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How to store breastmilk

07/08/2021 Pediatrics

Breast milk can be handled in different ways to be consumed either immediately or reserved as part of a milk bank. It all depends on the use you want to give it.


Some general rules:

  • Always wash your hands before extracting and handling the milk, and keep the pump and containers clean where you will keep the milk.
  • For the containers where you will store the milk, there are many available in the market, or you can use plastic or glass containers, but make sure they have a plastic lid and not metal because these can contaminate the milk if they rust. We do not recommend using urine collection bottles.
  • Always offer your baby the freshest milk possible, and reserve milk from your bank for emergencies.
  • Label with date/time when you extract.
  • You can warm the milk to body temperature by putting the bottle in a jug of warm water or holding it under running warm water. NEVER use a microwave to defrost breast milk, and be caution for heating it up with*, this can cause hot spots, which can burn your baby's mouth.
  • Milk that comes into contact with your baby's saliva is milk that must be consumed. If there are leftovers, they cannot be reused, refrigerated or re-frozen, due to the risk of bacteria proliferation, it can only be consumed within the following hour.


How to handle extracted milk:

When you first express your milk, you can choose several storage options, considering the estimated time of consumption:

  • Immediate Consumption. At a maximum room temperature of 25 ° C, it lasts a maximum of 6 hrs.
  • Consumption during the day. Refrigerate it, at a temperature of 0 to 4 ° it will last a maximum of 5 days. 
  • Consumption on another day. It depends on when you plan to use it, suppose you plan to use it in the week (considering 5 days max.), You can keep it in the refrigerator, if it is for a more extended amount of time, consider these guidelines:
    • Freezer from the refrigerator. Approximately two weeks. This is due to the constant opening-closing of the refrigerator.
    • Freezer separate from the refrigerator. A maximum of 6 months. It opens less than a built-in freezer.
    • Exclusive Freezer. A maximum of 12 months. We are talking about a separate freezer, without a refrigerator, exclusively for the use of breast milk.

Use these guidelines for your milk bank.


Defrosting breastmilk:

  • If you find yourself in need of using milk from your bank (frozen milk), try to defrost the oldest one, this way your bank will be kept “fresh”.
  • Do not defrost the milk at room temperature, due to the risk of bacteria proliferation, it is advisable to defrost it as described above, if you are not going to defrost it immediately, try to maintain the cold chain, that is, from the freezer to the refrigerator and from the refrigerator it can be transported in a cooler with ice until it can be heated. 
    • milk from the freezer to the refrigerator: 24 hrs.
    • milk from refrigerator to refrigerator with ice: 4 hrs.
    • milk from the freezer to the fridge with ice: 24 hrs.
  • All frozen milk that has been thawed cannot be refrozen under any circumstances.


Consistency and milk flavor:

  • During the milk preservation process, it is normal to see a layer of cream. Just shake the milk a little to integrate it again. It does not mean that it is spoiled.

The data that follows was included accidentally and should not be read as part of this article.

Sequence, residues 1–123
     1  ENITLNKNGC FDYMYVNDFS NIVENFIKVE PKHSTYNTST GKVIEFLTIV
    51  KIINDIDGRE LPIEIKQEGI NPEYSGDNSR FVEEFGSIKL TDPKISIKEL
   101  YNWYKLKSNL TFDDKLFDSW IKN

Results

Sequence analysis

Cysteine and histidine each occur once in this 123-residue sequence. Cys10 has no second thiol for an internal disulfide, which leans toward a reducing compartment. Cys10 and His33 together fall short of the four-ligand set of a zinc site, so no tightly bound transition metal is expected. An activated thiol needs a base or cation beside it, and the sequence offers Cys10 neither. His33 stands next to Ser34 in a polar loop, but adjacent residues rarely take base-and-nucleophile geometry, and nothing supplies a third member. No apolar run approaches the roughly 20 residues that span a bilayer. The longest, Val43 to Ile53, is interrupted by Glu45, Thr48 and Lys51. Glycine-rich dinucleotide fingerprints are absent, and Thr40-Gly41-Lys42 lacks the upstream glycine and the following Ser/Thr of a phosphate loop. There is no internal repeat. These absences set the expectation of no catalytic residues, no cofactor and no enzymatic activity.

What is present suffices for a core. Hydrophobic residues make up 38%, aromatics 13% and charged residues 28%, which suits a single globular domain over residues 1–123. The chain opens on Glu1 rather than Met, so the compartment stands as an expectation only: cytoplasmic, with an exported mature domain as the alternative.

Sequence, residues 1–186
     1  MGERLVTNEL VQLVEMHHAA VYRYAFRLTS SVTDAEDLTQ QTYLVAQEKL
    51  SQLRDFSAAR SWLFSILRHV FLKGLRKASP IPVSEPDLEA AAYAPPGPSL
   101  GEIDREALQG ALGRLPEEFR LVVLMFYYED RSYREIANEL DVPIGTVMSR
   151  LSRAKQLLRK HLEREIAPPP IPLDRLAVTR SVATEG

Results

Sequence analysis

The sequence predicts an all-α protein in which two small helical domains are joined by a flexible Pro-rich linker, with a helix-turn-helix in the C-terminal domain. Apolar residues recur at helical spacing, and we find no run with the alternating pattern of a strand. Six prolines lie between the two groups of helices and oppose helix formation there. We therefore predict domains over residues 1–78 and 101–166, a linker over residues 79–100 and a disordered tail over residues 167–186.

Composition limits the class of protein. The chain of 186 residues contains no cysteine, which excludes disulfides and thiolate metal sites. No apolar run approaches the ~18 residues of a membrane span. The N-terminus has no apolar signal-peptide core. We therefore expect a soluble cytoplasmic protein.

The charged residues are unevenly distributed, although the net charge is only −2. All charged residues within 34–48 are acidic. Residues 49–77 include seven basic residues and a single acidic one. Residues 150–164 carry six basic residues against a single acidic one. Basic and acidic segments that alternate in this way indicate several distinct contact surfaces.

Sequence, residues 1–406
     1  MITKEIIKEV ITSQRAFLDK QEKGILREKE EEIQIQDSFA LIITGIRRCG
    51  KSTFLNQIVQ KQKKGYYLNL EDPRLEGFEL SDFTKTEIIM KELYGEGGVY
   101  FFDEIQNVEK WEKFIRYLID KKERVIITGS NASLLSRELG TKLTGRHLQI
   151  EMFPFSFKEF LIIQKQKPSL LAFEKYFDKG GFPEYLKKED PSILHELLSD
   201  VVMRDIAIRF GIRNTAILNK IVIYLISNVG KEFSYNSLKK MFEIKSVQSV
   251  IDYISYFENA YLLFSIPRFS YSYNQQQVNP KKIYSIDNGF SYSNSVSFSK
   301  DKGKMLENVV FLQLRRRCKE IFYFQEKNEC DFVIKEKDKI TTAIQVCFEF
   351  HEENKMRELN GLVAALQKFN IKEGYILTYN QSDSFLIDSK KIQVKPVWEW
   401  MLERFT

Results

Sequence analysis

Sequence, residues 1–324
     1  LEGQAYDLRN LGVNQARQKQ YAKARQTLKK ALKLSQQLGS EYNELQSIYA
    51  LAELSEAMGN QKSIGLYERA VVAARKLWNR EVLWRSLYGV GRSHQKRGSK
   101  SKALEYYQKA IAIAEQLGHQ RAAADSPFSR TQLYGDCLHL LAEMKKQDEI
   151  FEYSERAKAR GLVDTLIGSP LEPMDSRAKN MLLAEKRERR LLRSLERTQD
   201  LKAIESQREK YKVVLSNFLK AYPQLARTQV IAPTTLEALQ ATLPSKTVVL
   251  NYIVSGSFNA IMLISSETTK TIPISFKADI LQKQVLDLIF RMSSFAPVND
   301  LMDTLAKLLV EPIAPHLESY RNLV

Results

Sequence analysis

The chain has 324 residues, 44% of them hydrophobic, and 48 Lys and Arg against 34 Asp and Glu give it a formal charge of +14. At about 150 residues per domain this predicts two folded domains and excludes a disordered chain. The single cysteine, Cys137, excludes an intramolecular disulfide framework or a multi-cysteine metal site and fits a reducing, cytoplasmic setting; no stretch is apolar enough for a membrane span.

• Your thawed milk may smell funny; some women report a sour, stale or soapy smell. This is due to the change in the structure of lipids by the freeze/thaw process. It does not mean that it went bad; if it is handled within the correct time parameters, baby can consume it.
  • Your baby may not accept bottle-fed breast milk at first, and this is normal. Again, if you have followed the recommendations for handling and storing breast milk, it doesn't mean the milk is spoiled but rather refers to the fact that the baby prefers to take "directly from the source" rather than from a bottle.

If this is the case, seek support from a lactation consultant to find the best way for your baby to breastfeed even if you are not around.


Final recommendations:

  • When freezing the milk, try to place it as far back as possible and away from the door as possible.
  • Remember to clean your pump, as well as its accessories constantly, breast milk contains fat that, if not cleaned immediately, sticks to the components and makes subsequent cleaning difficult. In addition to that, a correct cleaning keeps milk free from bacteria.
  • You can join several extractions of the day on the condition that both are at the same temperature; otherwise, there may be an imbalance in the composition. If you have milk in the refrigerator and you have just expressed yourself, first put the freshly expressed milk in the fridge and later mix it with the one you already had previously.
  • There is no bottle or nipple on the market that is "the best" for breastfeeding. Ergonomically, your nipple, when sucked by your baby, sticks to his palate and stretches to reach the deep part of his mouth; no bottle or nipple has replicated this stretchiness. These, being made of a semi-rigid plastic, enter the mouth flat and do not achieve that position.

With that said, you will likely invest a bit until you find the bottle that will fit your baby.


* The use of the microwave is not recommended because it can destroy most of the living cells that breast milk contains, although it does not alter its nutritional value. 

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